3i responds that this Court correctly excluded he testimony of Martens. First, "it was [NP] that surfaced the [witness exclusion] rule," so its objection that there was no such rule is wrong and disingenuous." Def.'s Resp. at 16; see Id. at 15. Second, 3i objected that Martens' testimony lacked foundation because he was not one skilled in the art, and the one who could have provided foundation, the one who was skilled in the art, Berlowitz, was unavailable because this Court struck the relevant portions of his testimony. And third, the testimony that Martens was offering had never been disclosed prior to trial; it was apparently disclosed when 3i was two-thirds through it antitrust case; that is sufficient grounds alone to strike the opinion." Id. at 15-16.

  This Court finds NP's argument unpersuasive. To be sure, this Court initially based it ruling on the witness exclusion rule, although that rule has an exception for experts, which exception may be applicable here. See Tr. at 2602. This Court, however, provided an additional basis for its ruling, namely the one provided by 3i's second argument above that Marten's testimony lacked foundation. This Court stated, "I am going to rule now on all of Mr. Foote's objections to the lack of base for those questions on the previous witness . . . . I am now sustaining all of those objections." Tr. at 4670. NP does not argue with the substance of that basis, only that it came after the fact. This Court rejects that argument because this Court strove to provide a proper basis for its ruling, and it is not now concerned that the second basis came three transcript pages after the first one. Cf. Tr. at 4667 and 4670. This Court also rejects NP's argument that its dismissal of Marten in front of the jury was prejudicial. This Court believes that the manner in which it dismissed Marten was straightforward and professional; it involved no undue prejudice. See Tr. at 4667-68. Similarly, this Court rejects NP's argument that its "interference" with NP's cross examination of Lipman was unduly prejudicial. This Court does not need to reach 3i's third argument. NP is not entitled to a new trial based on this issue.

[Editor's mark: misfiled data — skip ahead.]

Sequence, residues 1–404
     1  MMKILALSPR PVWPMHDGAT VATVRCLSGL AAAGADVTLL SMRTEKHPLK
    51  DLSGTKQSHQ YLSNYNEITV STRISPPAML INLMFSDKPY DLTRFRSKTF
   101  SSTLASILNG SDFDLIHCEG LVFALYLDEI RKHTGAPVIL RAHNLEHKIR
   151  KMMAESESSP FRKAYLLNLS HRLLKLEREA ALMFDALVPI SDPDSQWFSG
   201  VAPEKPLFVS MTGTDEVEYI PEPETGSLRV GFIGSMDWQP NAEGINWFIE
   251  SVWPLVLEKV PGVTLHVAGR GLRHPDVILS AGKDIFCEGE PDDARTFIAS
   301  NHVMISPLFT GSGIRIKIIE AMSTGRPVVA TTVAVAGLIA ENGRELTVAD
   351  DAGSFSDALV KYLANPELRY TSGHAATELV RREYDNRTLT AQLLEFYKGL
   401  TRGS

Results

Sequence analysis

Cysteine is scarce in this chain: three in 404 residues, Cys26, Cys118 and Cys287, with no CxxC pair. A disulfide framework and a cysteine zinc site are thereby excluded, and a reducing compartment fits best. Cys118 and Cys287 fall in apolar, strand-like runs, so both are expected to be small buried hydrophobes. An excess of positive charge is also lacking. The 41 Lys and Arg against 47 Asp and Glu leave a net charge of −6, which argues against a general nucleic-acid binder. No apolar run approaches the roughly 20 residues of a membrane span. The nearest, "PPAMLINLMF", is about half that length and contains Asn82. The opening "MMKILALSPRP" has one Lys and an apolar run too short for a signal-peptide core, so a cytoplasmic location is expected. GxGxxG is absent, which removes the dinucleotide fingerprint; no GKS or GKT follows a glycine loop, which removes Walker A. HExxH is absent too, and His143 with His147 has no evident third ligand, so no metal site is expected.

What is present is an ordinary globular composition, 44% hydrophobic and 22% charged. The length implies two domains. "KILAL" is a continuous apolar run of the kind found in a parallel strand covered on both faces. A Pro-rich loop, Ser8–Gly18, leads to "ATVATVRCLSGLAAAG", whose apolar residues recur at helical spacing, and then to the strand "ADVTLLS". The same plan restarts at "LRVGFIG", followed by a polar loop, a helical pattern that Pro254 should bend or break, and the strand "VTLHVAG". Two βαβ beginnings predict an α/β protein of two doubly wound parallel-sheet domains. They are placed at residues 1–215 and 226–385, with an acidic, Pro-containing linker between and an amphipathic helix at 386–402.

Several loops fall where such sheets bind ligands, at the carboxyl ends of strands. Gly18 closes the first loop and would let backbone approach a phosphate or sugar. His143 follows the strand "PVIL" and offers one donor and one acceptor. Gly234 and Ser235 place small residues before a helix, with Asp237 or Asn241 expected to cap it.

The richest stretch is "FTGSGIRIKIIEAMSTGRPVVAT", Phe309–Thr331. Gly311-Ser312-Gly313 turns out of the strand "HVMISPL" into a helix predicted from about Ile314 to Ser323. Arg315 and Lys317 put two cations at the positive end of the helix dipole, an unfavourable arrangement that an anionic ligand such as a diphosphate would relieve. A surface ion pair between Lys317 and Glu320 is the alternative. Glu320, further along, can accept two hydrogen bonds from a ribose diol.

d. Evidentiary Ruling Concerning Dr. Hodosh

  NP argues that this Court erroneously excluded the testimony of Dr. Hodosh. NP claims that his testimony would have shown "that the non-disclosed references cited by 3i (i.e. the AGA patents, the 1973 Weiss article and the 1977 Branemark book) were cumulative references already cited to the Patent Office and/or not material to the invention claimed in the '891 patent." Pl.'s Mot. at 15. NP argues that this Court erroneously excluded his testimony when it, first, "distinguished between 'prior art' testimony in the context of an antitrust case from that in a patent case," and second, "concluded that Dr. Hodosh was only designated as an expert witness regarding 'prior art' in the context of a patent case." Id.

  3i responds that this Court did not rule erroneously. First, 3i argues that this Court did not rule that Hodosh could not testify about prior art. Rather, NP made a choice not to have Hodosh testify on the subject, which choice NP may now regret, but with the consequence that NP waived its right to argue the point. Def.'s Resp. at 11. Second, 3i argues that NP attempted to introduce Hodosh's testimony in an untimely fashion, "amending its interrogatories adding 30 new opinions when 3i was two-thirds through its antitrust counterclaim." Id. at 12. "The Court certainly did not abuse its discretion in excluding expert opinions which had never been disclosed . . . ." Id.